Round I

Design Revisions

Updated Mid-fi Prototype
Based on user testing, I organized my usability problems by order of importance, plotted the necessary changes on a design prioritization matrix, then made a series of revisions.

Round II

After the first prototype revision, round 2 test results showed a dramatic increase in overall success rate.
05 / 05


Establishing an Identity

Definition using keywords and images
The next stage centered around designing a brand that centers around the product’s core value proposition.

I identified keywords, phrases and metaphors that best suit the brand’s core experience: giving artists a secure place to display their art, while exercising the artist’s authorship, a dynamic transformative process. The resulting keywords:
Transparent / Dynamic / Creative /
Precise / Confident
Behind the scenes:

App Name

In selecting a brand name, I looked for something that was applicable to the app’s purpose: evocative of both transformation and permanence. 

I narrowed it down to a choice between ARTIFACT and IMPRINT. ARTIFACT was a strong contender, as it could be broken down into relevant constituent words ‘Art’ & ‘Fact’, while the dictionary definition was “An object... showing human workmanship as distinguished from a natural object”.

Based on user feedback, however, I decided on IMPRINT - which felt more like a bold, actionable word, evoking the artist’s agency over their artwork (rather than just potentially describing the object itself). It also had the advantage of being used as an action word- i.e. “imprinting my artwork”.

The accompanying tagline “Proof • Vault • Share” was already implemented earlier as a task flow descriptor, and is snappy, simple and communicative.

Font Exploration

In keeping with the brand’s values, both wordmark and system fonts should appeal to artists by expressing modernity and simplicity.

Sans-serif fonts in the geometric or grotesque styles fit these requirements. I settled on the Manrope sans-serif typeface, conveying the idea of modernity and clarity. Colorized versions were also considered, but discarded in favor of a strong black/white contrast.



I used the Procreate app to explore operations on the wordmark, centered around emulating physical or art-based processes: ink bleeds, watercolors, and wood-burning, to allude to the idea of imprinting as a physical, indelible process.

Consulting with peers and members of the artist target demographic helped me choose the final version to continue developing, which inverts black and white to express the idea of engravings and punch-outs. The first “I” is switched to lowercase to make it feel less brash than an all-caps option. A ragged, “inked” edge on the blackout is a nod to the art focus of the app.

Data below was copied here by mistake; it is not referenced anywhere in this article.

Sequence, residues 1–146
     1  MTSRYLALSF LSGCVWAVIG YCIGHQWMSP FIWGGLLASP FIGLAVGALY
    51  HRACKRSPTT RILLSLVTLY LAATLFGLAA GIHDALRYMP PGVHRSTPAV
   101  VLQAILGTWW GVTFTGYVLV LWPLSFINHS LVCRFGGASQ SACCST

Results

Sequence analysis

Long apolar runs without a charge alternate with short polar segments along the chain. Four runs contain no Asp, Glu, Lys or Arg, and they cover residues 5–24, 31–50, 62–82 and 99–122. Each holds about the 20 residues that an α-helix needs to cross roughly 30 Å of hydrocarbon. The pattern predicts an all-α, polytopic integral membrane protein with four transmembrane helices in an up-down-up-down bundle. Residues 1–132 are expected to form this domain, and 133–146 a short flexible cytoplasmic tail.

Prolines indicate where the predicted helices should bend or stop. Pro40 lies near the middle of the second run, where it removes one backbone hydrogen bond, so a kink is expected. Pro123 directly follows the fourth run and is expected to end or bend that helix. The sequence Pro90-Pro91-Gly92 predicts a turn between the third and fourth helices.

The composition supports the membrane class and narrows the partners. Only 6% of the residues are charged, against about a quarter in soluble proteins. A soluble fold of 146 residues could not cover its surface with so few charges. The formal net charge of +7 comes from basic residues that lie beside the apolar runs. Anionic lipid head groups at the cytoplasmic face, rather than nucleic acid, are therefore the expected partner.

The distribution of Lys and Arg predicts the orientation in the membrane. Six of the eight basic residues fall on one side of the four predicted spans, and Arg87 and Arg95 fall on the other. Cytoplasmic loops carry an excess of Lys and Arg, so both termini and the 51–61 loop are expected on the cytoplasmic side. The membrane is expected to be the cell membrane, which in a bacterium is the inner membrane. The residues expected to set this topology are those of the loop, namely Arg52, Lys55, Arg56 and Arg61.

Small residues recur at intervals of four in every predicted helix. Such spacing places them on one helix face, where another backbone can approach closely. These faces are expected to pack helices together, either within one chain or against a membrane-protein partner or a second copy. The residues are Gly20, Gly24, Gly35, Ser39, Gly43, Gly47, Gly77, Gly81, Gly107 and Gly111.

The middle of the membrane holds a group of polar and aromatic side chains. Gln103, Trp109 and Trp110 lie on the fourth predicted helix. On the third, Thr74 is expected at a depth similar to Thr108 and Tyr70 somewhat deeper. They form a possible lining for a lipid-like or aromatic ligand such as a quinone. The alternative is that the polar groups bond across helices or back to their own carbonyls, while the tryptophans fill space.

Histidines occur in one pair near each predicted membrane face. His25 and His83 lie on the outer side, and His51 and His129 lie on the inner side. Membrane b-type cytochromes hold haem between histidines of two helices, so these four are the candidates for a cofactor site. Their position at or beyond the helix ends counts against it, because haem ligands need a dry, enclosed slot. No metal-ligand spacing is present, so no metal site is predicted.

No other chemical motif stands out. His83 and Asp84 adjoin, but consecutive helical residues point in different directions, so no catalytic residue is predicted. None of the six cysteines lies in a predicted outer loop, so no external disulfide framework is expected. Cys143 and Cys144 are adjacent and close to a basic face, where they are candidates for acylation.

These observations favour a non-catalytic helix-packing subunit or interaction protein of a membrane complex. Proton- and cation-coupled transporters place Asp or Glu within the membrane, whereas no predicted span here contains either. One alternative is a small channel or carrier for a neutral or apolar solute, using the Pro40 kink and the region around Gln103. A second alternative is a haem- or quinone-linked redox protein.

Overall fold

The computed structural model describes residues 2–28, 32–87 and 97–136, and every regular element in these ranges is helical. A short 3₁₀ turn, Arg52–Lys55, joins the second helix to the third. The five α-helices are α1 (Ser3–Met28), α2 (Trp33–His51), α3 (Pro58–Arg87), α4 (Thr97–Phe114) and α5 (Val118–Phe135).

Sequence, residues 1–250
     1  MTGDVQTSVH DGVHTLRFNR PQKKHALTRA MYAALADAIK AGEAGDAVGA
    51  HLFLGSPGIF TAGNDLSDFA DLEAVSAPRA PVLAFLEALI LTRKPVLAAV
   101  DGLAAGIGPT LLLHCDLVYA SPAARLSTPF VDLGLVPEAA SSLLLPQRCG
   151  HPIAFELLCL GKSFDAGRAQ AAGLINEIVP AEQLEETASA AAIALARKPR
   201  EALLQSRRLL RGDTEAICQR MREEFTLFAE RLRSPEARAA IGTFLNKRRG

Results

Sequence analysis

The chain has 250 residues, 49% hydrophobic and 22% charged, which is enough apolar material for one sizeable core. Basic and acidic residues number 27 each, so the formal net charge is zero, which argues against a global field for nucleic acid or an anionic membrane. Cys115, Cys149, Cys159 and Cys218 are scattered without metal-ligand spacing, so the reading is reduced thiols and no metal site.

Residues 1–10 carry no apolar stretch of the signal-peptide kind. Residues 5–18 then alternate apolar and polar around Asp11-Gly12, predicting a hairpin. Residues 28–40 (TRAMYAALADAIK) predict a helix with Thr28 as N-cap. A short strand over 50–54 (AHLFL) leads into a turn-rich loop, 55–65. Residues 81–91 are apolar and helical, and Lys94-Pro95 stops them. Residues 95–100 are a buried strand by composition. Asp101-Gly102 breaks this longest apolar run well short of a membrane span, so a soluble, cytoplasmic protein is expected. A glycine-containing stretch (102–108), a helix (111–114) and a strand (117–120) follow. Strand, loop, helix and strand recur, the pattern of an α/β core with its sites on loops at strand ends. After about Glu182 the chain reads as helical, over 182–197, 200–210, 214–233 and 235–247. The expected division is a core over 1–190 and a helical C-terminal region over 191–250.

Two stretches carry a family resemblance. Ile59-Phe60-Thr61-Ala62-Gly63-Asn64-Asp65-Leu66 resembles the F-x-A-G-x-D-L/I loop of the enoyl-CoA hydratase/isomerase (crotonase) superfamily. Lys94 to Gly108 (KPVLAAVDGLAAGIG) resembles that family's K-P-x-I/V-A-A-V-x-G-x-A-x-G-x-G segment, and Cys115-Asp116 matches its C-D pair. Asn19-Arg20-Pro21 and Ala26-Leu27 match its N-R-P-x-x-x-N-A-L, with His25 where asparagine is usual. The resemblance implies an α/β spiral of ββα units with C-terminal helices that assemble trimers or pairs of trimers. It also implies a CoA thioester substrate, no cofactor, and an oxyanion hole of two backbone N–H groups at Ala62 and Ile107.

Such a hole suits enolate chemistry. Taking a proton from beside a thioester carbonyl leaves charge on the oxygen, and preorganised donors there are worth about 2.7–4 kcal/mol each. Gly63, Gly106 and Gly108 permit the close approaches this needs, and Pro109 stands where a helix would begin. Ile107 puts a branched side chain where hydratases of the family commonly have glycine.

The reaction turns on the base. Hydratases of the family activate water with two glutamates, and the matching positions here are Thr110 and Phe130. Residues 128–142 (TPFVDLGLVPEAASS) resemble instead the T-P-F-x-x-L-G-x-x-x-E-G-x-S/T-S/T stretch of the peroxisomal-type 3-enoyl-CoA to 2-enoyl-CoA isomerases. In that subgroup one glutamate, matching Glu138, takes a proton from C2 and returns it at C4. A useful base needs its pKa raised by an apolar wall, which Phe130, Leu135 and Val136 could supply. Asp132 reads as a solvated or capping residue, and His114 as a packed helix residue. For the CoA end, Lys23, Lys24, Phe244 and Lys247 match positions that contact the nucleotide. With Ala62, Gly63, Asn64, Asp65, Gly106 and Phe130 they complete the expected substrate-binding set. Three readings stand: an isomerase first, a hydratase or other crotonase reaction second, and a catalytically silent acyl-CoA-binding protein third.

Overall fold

Finally, to emphasize the brand’s dynamism, I explored a two-stage, black & white animated wordmark that reveals the inversion and stylized period at the end of the transformation.


Icon Exploration

The app icon that would appear on a mobile home screen should ideally be simple while conveying the purpose and brand of the app. A number of metaphors and abstractions were explored, including ideas of lamination, engraving, vaulting, stamping, and a nod to I.M. Pei’s Louvre.

The eventual icon selected for vectorization was a geometrically simple, axonometric visual of an engraved surface with a translucent layer hovering above, abstract enough to work at a small scale while still encompassing the brand.

Finishing Touches

As I moved through color injection and began building the hi-fi prototype on the Atomic Design system, I explored a design rationale that focused on applying translucency and consistent layers, drawing inspiration from both Android’s material design and Apple’s iOS visuals.

The intent was to express the product as an elegant, subtle machine that could also fade into the backdrop and allow the vibrancy of the art to take center stage. 

Before formally beginning to create a UI Library based on the Atomic Design approach, it was necessary to review and expand upon the previous UI Inspiration board, with a focus on looking at the visual styling possibilities for user interface elements.